Posted on October 25, 2019 at 9:48 AM
Fancy Bear, one of the world’s more well-known hacker groups, has had an interesting time, it seems. A hacker group, connected to an attack that happened two years ago, has been pretending to be Fancy Bear in a new DDoS Campaign. This group launches a minor DDoS attack as a show of force, before demanding money in return for not waylaying a company’s system. They make use of Fancy Bear’s reputation, known for hacking both the DNC and the White House in 2016 and 2014 respectively, to instill a sense of fear.
The attacks were confirmed today by two security companies: Radware and Link11. Both parties have a specialized DDoS mitigation service and had documented similar attacks in the past.
Daniel Smith, an Emergency Response Team (ERT) researcher for Radware, had stated that the attacks are mainly targeting the financial sector, having started last week. Smith explained that the group was launching multi-vector, large scale DDoS attacks when they send the ransom letters. This was doubtlessly a show of force to try and intimidate the company.
Smith continued by saying that these victims receive a threat for a follow-up DDoS if attack if they don’t pay them the two bitcoin they demand (about $15 000 in today’s market) within a week. However, Smith also stated that no follow-up attack had been seen. Whether this be that their ransom was paid or that they don’t have any foot to stand on remains to be seen.
Link11’s spokesperson corroborated the theory that it served as an initial warning. It was an intimidation attempt to try and convince the companies to pay the ransom rather than to face the fake Fancy Bear’s wrath.
A copy of the ransom letter can be found here. From the contents, it can be gleaned that they are leaning heavily on Fancy Bear’s reputation as hackers to intimidate their prospective victims even further.
Thomas Pohle, Public Relations Manager for Link11, explained that these demo attacks are built through different protocols. Things like NTP, DNS, ARMS, CLDAP, and WS-Discovery are all included. Clearly, the strategy is to hammer at as many walls as possible, trying to find a crack.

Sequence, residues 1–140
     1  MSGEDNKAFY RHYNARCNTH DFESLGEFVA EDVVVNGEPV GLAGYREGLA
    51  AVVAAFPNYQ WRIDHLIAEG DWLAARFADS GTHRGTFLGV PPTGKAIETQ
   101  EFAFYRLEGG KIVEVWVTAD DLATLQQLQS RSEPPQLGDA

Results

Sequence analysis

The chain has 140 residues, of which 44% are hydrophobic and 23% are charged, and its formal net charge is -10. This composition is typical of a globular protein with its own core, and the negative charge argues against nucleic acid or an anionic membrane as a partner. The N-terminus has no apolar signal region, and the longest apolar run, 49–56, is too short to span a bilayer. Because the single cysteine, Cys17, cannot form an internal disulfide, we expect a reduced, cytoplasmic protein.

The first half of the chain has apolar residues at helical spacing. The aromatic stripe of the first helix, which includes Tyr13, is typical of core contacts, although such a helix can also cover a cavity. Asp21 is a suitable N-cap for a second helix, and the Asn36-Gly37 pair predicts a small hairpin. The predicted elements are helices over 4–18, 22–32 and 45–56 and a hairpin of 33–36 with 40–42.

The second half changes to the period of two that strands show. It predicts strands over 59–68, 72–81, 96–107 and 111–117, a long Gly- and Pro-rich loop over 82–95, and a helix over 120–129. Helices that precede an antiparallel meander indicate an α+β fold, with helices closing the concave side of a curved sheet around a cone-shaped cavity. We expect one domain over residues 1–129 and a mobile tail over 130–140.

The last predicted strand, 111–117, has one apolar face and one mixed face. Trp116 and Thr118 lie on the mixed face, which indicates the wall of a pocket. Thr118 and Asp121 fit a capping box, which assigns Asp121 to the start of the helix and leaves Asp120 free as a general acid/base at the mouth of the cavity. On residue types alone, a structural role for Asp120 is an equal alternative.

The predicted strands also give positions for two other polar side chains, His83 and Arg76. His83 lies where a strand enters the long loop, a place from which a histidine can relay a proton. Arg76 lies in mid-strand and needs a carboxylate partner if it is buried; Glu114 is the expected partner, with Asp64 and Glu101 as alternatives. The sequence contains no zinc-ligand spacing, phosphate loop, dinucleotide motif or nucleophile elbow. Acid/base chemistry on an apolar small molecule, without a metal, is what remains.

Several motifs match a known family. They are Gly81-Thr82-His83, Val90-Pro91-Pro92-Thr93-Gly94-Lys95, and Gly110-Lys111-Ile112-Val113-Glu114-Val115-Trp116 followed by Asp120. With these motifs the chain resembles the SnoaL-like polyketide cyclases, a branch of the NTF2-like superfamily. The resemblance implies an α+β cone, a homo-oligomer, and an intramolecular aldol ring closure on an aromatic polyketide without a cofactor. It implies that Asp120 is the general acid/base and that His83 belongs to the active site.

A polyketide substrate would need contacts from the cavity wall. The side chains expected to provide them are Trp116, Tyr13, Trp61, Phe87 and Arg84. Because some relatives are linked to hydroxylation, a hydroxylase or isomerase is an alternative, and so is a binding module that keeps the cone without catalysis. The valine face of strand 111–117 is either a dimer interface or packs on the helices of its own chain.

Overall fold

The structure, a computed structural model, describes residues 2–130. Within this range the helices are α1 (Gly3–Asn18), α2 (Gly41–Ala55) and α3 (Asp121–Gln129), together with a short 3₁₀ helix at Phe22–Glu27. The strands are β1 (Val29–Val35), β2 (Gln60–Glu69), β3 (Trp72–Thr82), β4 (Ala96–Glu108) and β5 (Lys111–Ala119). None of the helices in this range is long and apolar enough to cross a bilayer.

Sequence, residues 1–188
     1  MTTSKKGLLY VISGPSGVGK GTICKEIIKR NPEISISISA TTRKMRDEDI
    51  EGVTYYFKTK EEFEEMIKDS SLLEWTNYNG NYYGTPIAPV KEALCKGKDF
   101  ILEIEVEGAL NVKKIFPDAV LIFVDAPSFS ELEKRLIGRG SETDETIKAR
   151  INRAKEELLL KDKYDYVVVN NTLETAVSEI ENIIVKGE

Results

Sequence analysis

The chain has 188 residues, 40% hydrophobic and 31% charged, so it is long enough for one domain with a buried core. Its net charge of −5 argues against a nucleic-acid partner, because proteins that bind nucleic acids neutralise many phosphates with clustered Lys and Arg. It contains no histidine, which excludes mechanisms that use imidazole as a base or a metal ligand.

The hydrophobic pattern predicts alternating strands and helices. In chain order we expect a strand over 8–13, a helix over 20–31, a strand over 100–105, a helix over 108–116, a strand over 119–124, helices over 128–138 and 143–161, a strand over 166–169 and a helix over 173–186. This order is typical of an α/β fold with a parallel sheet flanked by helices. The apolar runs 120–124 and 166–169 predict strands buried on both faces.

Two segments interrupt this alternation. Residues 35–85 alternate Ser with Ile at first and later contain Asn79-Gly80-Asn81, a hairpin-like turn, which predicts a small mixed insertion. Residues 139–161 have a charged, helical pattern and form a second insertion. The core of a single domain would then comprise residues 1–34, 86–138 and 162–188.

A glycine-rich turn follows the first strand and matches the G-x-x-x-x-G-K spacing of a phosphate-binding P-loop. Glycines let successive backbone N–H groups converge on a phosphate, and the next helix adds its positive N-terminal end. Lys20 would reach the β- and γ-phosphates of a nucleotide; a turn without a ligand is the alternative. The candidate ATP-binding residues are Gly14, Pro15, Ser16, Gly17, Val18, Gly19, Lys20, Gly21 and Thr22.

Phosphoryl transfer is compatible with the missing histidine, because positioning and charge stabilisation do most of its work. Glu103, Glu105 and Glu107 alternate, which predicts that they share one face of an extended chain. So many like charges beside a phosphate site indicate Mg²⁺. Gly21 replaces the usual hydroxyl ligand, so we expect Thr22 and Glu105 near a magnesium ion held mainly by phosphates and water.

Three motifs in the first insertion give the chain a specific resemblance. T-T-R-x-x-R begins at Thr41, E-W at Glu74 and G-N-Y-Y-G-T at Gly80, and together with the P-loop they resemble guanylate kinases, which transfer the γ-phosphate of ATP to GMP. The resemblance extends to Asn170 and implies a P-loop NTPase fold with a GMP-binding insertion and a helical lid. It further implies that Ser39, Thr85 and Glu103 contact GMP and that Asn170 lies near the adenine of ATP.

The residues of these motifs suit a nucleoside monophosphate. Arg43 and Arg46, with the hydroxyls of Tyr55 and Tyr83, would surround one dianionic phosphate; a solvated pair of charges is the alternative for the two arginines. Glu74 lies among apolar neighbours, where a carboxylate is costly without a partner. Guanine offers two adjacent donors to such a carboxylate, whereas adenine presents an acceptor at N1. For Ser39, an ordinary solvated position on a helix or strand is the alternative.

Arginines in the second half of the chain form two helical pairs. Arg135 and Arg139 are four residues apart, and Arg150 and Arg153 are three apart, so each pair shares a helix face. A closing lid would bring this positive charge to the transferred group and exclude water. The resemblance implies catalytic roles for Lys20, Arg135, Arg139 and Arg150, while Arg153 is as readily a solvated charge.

Pohle concluded that these extortionists do more than randomly fling out ransoms. They study their target, choosing who to extort in advance. It can be seen in how they attack the companies. Pohle explained that these hackers don’t attack the public website of the company, but their backend server. These backends typically aren’t protected by a form of DDoS mitigation, thus making it easier to target. This attack will cause downtimes and quite possibly intimidate their victims.
Pohle added that it wasn’t purely the financial sector being attacked. Some of these Ransom Denial-of-Service (RDDoS) are aimed at other companies that can be considered to have a large number of funds. Specifically, companies that focus on entertainment and retail.
This Fancy Bear Copycat group seems to be able to follow through on their threats, sad as it is to see. It at least appears that they have their own DDoS botnet, but its level of power is still up for debate.
What should be important to know, however, was that this wasn’t the real Fancy Bear Group. Fancy Bear is a Russian backed group of cybersecurity and espionage elites. They target NATO bases, Embassies, government agencies, and US political parties. What they don’t do is extort money out of financial corporations, and here’s hoping the group strikes at these pretenders for using their reputation the way they are.
2017: Year of the RDDoS
Radware’s Smith released a statement saying that the RDDoS campaign’s ransom letter was almost identical to one sent back in 2017 by another RDDoS group, posing as Fancy Bear as well. The connection there is undeniable, with this group either being the same or heavily inspired about it.
The year of 2017 as a whole was a very DDoS-heavy year. Dozens of groups tried the same tactic, threatening companies with attacks unless they cough up. While many tried to hide behind the shadow of heavyweight hacker groups, others tried to make a name for themselves then and there.
Groups like Lulzsec, Anonymous, New World Hackers, Armada Collective, Lizard Squad, and Fancy Bear were all subject to lesser groups trying to use their name. Other groups took the more respectable approach: Trying to create a name for themselves instead of stealing others’ thunder. Groups like RedDoor, Kadyrovtsy, Borya Collective, ezBTC, XMR Squad, Stealth Ravens, Meridian Collective, ZZboot, Collective Amadeus, and Xball Team all came from that time.
For almost an entire year, it was an all-out free-for-all. Luckily, the attacks started to subside as victims began to realize that most of the extortionists were just trying their luck, having no real bite to their bark.